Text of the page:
Over the past twenty-four hours, my mind has been overwhelmed with things going on with my students and my classroom. I have been on an emotional roller coaster. This school year, I seem to feeling things very deeply when it comes to my role as a teacher. This morning I was thinking about the job description of a teacher and, after twelve years in the classroom, am convinced that the official descriptions are, at best, humorous.
While this job description for a classroom teacher is quoted from Nash-Rocky Mount Public Schools‘ website, it is consistent with what you would find across the state of North Carolina.
“An employee in this class provides direct instruction to students. A wide variety of tasks are performed in the teaching-learning process for students, the primary one being to help students learn the subject matter and skills that will contribute to their development as mature, able, and responsible adults. A teacher performs his/her duties under the supervision of, and reports to, the principal.”
This morning, I’ve been thinking about things people need to know who are interested in the teaching profession. These things will not be listed on any official job description, but they are things that quickly become part of a day-to-day routine.
1. Attend more athletic and extra-curricular events that you can imagine. Have you seen a kid’s face light up when they spot you in the bleachers at their pee-wee football game? Parents and students respond to you in a whole new way when you go out and meet them in the community. Teaching is not a classroom position; it is a way of life. Besides, you actually do have to convince children that you wear jeans and baseball caps and that you can exist outside of school.
2. Have your heart broken… on a regular basis. Teaching is not for the faint-hearted. I cried my eyes out last night over a few of my students. The things we hear and know cannot be faced with a stern outlook all the time. You have to feel it, take it in, live it with your student, feel helpless and then figure out how to conquer it. I often cannot relate to the pain many of my students have faced (and face on a regular basis). It is hard not to want to carry their burdens for them. We cannot. We can only try to find small ways to lighten them and make school a safe haven.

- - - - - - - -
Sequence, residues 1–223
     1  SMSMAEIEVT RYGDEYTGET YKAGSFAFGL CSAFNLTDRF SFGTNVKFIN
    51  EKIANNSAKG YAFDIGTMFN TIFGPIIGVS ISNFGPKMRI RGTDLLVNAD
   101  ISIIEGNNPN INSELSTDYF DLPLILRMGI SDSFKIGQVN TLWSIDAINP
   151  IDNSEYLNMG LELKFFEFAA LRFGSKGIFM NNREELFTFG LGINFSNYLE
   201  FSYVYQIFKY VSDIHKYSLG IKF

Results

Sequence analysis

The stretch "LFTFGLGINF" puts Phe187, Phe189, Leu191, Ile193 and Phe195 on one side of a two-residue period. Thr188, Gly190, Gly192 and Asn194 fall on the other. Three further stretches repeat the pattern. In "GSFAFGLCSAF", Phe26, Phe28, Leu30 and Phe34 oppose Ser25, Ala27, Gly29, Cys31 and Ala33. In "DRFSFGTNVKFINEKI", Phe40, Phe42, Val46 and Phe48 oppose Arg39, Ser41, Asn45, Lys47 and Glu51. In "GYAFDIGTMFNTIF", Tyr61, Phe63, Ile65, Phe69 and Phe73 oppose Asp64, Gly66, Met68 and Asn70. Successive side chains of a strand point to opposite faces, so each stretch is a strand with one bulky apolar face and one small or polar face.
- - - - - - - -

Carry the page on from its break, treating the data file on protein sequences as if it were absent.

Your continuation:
3. Live it. Breathe it. I don’t know very many effective and influential teachers whose minds are on work from 7:30 am – 3:30 pm. If I could get it all done and shut it in the room behind me when I leave my classroom at 5:00 pm, I would. But I don’t. I wake up in the middle of the night in a cold sweat wondering what I am going to do about that kid who just cannot figure out how to subtract. I worry about whether or not to call a child’s parent about classroom behaviors because I’m not sure what is going to happen to her when she gets home. I antagonize over why a student, who I know is having difficulties at home, is absent from school.
4. Listen. Teacher job descriptions are often filled with things they need to teach and do. One of the most critical things that I do is listen. I listen to kids who just have to tell me about what happened on Spongebob last night. I hear extended stories about the five-point deer they shot this weekend. I cannot tell you how many made-up knock-knock jokes I have heard. Yet, intermingled in these webs of words, I often find critical clues as to the needs of my students. I listen to parents. They do not want to be “talked at.” They know their kids and what their kids need or struggle with. Parents cannot be told what they are doing wrong. Many times, they need as much guidance as their children. One of my first principals told me “All parents are doing the best that they know how and loving their kids the best that they can.” Keeping that in mind helps me focus on listening and not on blame.
5. Motivate. The difference between legendary coaches and those whose names we will never know is not an understanding of the X’s and O’s of sports. Instead, it is a special ability to motivate individuals to achieve greatness through their own effort and self-discipline. Likewise, the teachers that we often remember so vividly didn’t do anything ground-breaking in terms of instructional strategies. Rather, they present the curriculum in a way that students feel inspired and compelled to absorb and succeed on their own.
After adding these five things to a typical teaching job description, I am chuckling at the fact that none of them actually relate to content-delivery. Hmmmm.
What would you add to the job description of a teacher?
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